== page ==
2. Barry says:

    Ed ,I can really relate to your comment. Keep conversations short, to the point. Be as normal and “yourself” as you can be. Be the decent person you know you are. Dont expect to get back when you give. You cant keep score. You will only be dissapointed in her. I dont know whether I will be able to stay with her buit I too know that I will survice , be stronger, and that life goes on. Infidelity is like a death. Its the death of the relationship you knew. Whether it can be reborn, like a phoenix from the ashes is what remains to be seen

  3. Shawn says:

    WOW- you two have summed up my last week to a “T”- Hang in there- it is (unfortunately) a great feeling to know that I am not alone….

  4. Steve says:

    Proactive, Proactive, Proactive!! IN all aspects of your life, this is how I turned my life around after I found out about my wife’s affair.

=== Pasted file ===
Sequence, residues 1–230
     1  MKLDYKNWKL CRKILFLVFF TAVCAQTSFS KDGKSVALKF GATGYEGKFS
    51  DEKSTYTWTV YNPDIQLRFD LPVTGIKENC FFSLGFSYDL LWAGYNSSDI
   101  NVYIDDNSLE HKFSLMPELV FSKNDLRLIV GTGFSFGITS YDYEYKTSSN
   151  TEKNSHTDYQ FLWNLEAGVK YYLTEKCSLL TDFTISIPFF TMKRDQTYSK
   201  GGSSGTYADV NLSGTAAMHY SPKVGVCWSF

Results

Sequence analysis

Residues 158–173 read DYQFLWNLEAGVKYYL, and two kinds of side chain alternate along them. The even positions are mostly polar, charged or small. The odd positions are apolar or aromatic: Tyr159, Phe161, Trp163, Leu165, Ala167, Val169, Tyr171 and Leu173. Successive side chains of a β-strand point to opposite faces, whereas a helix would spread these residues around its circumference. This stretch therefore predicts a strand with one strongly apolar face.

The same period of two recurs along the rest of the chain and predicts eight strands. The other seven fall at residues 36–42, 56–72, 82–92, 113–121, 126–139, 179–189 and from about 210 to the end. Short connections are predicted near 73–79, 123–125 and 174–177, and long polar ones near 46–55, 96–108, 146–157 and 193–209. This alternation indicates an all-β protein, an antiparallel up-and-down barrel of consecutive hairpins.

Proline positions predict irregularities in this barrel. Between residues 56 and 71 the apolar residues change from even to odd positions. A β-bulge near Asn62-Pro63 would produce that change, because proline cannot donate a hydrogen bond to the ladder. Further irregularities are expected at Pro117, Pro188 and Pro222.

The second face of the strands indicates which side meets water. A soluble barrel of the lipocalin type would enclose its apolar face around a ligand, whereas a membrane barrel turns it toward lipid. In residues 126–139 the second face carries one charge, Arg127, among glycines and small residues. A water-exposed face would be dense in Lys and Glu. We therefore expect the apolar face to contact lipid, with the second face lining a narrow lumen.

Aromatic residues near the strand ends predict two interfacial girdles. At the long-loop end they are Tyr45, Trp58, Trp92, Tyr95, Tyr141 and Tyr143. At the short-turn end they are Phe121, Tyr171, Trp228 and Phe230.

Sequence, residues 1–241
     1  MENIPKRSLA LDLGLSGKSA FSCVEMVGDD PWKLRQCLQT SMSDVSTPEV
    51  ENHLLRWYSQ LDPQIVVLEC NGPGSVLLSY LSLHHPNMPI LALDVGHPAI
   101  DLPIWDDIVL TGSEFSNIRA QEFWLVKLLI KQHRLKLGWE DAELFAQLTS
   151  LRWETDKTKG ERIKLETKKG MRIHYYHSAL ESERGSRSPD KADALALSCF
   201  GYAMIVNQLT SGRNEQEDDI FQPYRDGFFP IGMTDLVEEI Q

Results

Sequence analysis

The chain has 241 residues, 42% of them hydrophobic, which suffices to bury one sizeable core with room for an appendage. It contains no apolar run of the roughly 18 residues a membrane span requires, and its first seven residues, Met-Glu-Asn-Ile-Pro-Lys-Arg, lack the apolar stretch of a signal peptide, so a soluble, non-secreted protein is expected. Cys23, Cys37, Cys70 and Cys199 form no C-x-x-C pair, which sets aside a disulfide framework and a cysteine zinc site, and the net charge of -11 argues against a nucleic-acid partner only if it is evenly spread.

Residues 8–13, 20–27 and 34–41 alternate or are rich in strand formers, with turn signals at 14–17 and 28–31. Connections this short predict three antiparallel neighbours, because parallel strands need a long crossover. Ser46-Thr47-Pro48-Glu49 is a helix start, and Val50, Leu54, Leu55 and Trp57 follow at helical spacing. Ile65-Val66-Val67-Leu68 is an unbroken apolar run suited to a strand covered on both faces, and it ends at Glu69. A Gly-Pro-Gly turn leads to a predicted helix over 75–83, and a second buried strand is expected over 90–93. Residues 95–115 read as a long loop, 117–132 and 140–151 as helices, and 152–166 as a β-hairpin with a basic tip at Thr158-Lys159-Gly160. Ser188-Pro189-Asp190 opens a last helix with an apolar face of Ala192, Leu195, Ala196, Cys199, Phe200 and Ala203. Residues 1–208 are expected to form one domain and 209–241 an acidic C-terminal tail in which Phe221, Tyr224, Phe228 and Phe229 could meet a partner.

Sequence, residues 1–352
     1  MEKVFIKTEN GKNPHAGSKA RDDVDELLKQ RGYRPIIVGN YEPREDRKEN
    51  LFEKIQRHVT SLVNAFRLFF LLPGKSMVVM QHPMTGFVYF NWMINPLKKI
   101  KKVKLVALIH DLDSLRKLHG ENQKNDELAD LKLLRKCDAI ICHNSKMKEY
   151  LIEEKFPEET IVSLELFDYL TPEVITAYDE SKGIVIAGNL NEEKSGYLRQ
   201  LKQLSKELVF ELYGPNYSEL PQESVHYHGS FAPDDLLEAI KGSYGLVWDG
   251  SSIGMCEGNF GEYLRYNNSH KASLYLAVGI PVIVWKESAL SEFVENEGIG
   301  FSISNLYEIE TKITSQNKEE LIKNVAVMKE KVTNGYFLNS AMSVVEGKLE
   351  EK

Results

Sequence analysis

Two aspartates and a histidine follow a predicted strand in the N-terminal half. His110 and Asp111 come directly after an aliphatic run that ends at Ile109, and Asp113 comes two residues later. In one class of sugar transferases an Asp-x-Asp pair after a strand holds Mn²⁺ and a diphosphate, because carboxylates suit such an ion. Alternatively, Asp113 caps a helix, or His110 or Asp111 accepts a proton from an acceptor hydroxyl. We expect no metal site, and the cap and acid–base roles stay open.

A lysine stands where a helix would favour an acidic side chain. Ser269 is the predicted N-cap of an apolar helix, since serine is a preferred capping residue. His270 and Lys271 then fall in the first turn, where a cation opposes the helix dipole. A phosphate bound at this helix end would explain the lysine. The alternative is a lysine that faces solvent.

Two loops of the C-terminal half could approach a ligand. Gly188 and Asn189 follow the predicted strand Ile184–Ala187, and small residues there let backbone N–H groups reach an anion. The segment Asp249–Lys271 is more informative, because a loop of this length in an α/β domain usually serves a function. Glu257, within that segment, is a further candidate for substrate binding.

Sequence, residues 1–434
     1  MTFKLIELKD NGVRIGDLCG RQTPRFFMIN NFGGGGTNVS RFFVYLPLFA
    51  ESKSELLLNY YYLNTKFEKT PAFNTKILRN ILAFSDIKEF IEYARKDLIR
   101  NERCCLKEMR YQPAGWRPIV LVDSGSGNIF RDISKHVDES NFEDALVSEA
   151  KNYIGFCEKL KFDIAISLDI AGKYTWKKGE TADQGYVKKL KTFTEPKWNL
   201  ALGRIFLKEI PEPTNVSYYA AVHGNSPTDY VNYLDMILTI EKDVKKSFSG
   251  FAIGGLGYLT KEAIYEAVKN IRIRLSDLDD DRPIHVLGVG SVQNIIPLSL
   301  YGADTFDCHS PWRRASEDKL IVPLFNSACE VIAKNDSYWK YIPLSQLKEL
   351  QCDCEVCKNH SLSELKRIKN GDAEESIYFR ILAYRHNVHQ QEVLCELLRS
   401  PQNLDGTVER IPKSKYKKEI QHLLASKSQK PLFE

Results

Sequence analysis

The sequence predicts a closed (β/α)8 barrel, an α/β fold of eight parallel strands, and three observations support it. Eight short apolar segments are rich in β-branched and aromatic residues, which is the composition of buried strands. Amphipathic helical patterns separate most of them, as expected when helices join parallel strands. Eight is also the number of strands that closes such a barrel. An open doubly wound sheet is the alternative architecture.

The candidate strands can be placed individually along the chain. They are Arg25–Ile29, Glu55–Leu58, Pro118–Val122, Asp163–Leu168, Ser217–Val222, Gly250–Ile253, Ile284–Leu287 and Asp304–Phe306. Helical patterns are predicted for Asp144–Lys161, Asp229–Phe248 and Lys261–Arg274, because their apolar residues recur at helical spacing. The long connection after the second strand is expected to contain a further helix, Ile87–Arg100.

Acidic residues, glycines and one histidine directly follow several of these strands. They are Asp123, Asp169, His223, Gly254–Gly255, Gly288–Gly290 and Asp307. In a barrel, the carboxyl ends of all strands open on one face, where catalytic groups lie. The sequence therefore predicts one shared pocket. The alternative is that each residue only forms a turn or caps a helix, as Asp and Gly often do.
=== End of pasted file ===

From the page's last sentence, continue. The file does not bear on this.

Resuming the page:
Not just in how you act with your wife, do it with your kids, your work, your family.

    My marriage was in a dark place and I was waiting for it to get better, waiting for my wife to lift out of her mood, waiting for the good days to come back. But they are never going to come back, you have to make them happen.

    Since reading Stephen Coveys “7 Habbits of highly effective people, the first habit is to be proactive.

    It changed my perspective on everything, My relationship with my mum & dad flourished, my career took off, my kids became closer and I became so much more of a man and happier with myself. After all of those changes my wife’s eyes were opened and now we are happier than ever.